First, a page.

By DEBBIE SMUTS
The Rotary Club of Grahamstown Sunset handed over the proceeds from their recent GBS Mountain Drive Virtual Half Marathon fundraiser ‘Miles for Meals’ to the Makhanda Circle of Unity Covid-19 community kitchen project on Friday 2 October. The event raised R14 000 for the scheme, which equates to about 3 500 meals. While this sounds like a lot of plates of food, it is in fact only about half of the number of people fed by the scheme each week.
While much of the food is cooked in private community kitchens during the week, there were large pots of nutritious food being prepared at the Eluxolweni Community Hall on Friday morning when President of the Rotary Club of Grahamstown Sunset, Javier Martin arrived to make the official handover.
Martin explained that the Rotarians had faced the prospect of cancelling the Mountain Drive Half Marathon for this year with the Covid-19 pandemic limiting sports events. Organisers decided to make the marathon a virtual event, giving runners the opportunity to run the race in their own time and environment. A 5km and 10km race was also included along with the Half Marathon distance of 21.1km and the ‘Miles for Meals’ event was launched.
New Rotarian, Robyn Cooper, was roped in to develop the web platform that allowed runners to register and pay a fee of R50, as well as the report-back process where they could log their run with photos, running app details and stories. There were cash prizes donated by the GBS Mutual Bank and two fabulous lucky draw prizes – a game drive donated by Kwandwe Private Game Reserve and a two-night stay at the Umngazi River Hotel and Spa resort on the Transkei coast.
Martin said, “Thanks to Robyn, signing up for the event was really easy, and we now have a platform that we can use for other virtual events.
“Runners were enthusiastic about how it all worked, and we were astounded at the support we had from all over the world. Runners joined in from the US, UK, New Zealand and Japan, as well as from all provinces in South Africa. And we had many generous local people who made donations to support the project, even if they were not going to run. We had great support from Albany Runners, who always join our organising committee, so it is a joint effort.”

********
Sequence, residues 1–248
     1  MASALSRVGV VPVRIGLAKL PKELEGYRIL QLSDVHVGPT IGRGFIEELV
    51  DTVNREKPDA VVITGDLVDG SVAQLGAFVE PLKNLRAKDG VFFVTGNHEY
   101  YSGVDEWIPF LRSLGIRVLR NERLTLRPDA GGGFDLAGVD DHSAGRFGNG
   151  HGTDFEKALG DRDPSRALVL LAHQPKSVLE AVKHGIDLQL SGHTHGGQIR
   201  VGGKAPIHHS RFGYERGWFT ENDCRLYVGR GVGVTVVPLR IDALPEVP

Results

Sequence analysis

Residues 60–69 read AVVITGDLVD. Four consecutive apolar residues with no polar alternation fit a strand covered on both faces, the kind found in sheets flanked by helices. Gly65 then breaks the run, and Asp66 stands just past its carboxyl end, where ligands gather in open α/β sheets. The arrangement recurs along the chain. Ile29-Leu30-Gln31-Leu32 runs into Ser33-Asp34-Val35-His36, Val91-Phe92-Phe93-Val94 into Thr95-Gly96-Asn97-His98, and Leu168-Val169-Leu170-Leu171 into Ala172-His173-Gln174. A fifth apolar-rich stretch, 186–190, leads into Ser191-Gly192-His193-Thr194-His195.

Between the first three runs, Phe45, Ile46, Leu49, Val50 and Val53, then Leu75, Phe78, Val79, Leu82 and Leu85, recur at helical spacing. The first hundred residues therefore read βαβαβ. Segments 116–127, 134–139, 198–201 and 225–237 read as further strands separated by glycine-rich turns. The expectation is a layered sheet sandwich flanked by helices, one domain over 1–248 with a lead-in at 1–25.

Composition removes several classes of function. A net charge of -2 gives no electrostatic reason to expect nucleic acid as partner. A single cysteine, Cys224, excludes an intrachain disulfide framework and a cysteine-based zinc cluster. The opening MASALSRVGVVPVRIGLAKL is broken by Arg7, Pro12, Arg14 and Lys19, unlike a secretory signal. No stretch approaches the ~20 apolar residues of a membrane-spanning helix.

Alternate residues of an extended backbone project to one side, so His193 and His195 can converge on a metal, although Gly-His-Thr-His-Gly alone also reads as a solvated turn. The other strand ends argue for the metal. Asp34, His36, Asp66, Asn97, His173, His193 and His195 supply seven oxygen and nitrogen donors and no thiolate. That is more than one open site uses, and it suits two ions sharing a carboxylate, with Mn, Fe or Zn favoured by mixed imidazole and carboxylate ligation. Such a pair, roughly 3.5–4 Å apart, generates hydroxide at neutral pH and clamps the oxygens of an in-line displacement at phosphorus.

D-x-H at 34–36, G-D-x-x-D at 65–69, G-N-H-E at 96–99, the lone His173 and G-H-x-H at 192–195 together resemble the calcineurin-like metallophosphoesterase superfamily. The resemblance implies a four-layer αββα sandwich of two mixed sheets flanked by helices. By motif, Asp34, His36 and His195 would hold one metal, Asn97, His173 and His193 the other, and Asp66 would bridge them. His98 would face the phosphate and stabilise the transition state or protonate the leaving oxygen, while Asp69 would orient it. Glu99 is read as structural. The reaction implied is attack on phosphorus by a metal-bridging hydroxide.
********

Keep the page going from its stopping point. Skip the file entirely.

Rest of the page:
“You turned ‘virtual’ into ‘virtue’,” quipped Tim Bull, secretary of the Grahamstown Residents’ Association (GRA), under whose auspices the Circle of Unity operates. Bull was joined by Ntuthu Blow, Administrator of the GRA, and Gunda Krause, the chair of the Grahamstown Feeding Association, for the handover.
One of the community cooks, Nomakhulu Fondini was on hand to show how she prepares a giant pot of chopped vegetables into a nutritious broth which is served with samp and beans or whatever else is available for the daily meals. Collection of the meals is characterised by orderly queues of mask-wearing children and adults, responsibly keeping appropriate social distancing.
Bull explained that fundraising for the remaining months of 2020 is in progress to ensure that the community kitchens can continue to operate.
“They are fulfilling a critical need at the moment, feeding many hungry residents who have been affected by lockdown-induced job losses. We cannot stop now when the need is greatest.”
Martin explained that his Rotary Club was planning another virtual fundraiser for the community kitchens in November, this time an auction where bidders can make virtual offers for attractive items sourced by Rotarians from donors. “We hope that we can depend on the generosity of our supporters again for this worthy cause”, he said.